GAM's North American Growth fund, run by Gordon Grender, has averted an exit into the IMA's unclassi...
GAM's North American Growth fund, run by Gordon Grender, has averted an exit into the IMA's unclassified sector by taking its US equity exposure from 58% back to the required 80%.
A combination of significant inflows, which saw the fund grow from £28.1m in March to £44.4m in November, and poor market conditions resulted in Grender's cash position rising to nearly 42% by the end of November.
Martin Harrison, director of mutual funds at GAM, said the fund has an emphasis on smaller companies. Difficult market conditions have led to a dearth of short-term buying opportunities in US small caps and, as such, Grender wanted to hang on to the cash in the short term.
Harrison said: 'Cash was never intended to be a long-term position. For the vast majority of time since its launch in 1985, the fund has been nearly fully invested.'
The fund's high cash weighting was spotted in early November by the IMA's performance category review committee, which meets monthly to review the sectors.
Grender was given four weeks with a deadline of 13 December to correct his cash position or be expelled from the sector and placed in the association's new unclassified sector.
Funds placed in the unclassified sector do not immediately lose their track record. However, performance would become meaningless to the market in a sector in which comparisons would not be like for like. Once the situation is corrected and a fund is moved back to its original sector, its former track record is no longer applicable.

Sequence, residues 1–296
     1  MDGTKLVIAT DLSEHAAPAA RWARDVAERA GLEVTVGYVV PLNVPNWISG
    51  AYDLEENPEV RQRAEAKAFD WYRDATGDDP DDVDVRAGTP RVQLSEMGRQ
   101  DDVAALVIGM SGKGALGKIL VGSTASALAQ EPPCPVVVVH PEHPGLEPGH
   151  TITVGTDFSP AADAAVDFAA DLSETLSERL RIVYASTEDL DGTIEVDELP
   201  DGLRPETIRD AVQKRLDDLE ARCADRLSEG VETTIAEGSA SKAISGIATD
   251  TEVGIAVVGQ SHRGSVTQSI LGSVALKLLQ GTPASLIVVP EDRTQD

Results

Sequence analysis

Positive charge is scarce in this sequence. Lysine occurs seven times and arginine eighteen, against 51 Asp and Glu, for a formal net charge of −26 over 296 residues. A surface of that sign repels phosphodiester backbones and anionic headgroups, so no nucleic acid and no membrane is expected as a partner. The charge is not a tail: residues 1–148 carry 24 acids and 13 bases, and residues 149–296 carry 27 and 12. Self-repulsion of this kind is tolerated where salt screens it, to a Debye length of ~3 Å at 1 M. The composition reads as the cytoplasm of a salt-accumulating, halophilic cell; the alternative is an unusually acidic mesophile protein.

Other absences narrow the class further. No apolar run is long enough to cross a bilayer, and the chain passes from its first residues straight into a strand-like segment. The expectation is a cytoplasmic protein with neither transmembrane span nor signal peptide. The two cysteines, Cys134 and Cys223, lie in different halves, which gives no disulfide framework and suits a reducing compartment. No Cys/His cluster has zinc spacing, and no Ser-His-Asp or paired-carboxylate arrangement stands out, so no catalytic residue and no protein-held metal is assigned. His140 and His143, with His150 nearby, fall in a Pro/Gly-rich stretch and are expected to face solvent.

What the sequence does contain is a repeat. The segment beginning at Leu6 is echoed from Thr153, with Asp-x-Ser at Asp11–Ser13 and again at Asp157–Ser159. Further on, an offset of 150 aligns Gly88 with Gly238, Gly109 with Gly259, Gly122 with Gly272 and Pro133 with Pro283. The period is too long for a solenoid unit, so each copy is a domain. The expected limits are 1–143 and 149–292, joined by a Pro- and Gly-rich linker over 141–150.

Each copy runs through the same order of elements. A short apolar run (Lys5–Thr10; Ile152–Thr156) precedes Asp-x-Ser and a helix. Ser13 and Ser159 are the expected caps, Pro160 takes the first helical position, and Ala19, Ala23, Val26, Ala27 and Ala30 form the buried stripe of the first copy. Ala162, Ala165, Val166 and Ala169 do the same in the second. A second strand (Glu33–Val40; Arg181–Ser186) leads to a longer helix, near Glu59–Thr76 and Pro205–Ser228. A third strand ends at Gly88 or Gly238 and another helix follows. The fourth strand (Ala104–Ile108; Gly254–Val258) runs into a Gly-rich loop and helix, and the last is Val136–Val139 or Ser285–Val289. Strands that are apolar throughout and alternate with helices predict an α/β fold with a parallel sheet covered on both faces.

The unclassified sector is split into two categories: funds that do not want to be classified and funds that are placed into it for breaking the rules. As yet, no funds have been thrown into the sector, while there are 20 mainly institutional or private funds that do not want to be classified.
Dorian Carrell, head of statistics at the IMA, said the association is not trying to punish active managers through sector policing but it is trying to protect investors. He added: 'If an investor wants to invest in the Far East, they will enter a fund in the expectation it will mainly invest in Far Eastern equities. If they want to invest in cash, that is their decision, not the fund manager's.'
What made financial headlines over the weekend?
To promote 'long-term investment'
Switching 'hard and expensive'
Smaller funds still packing a punch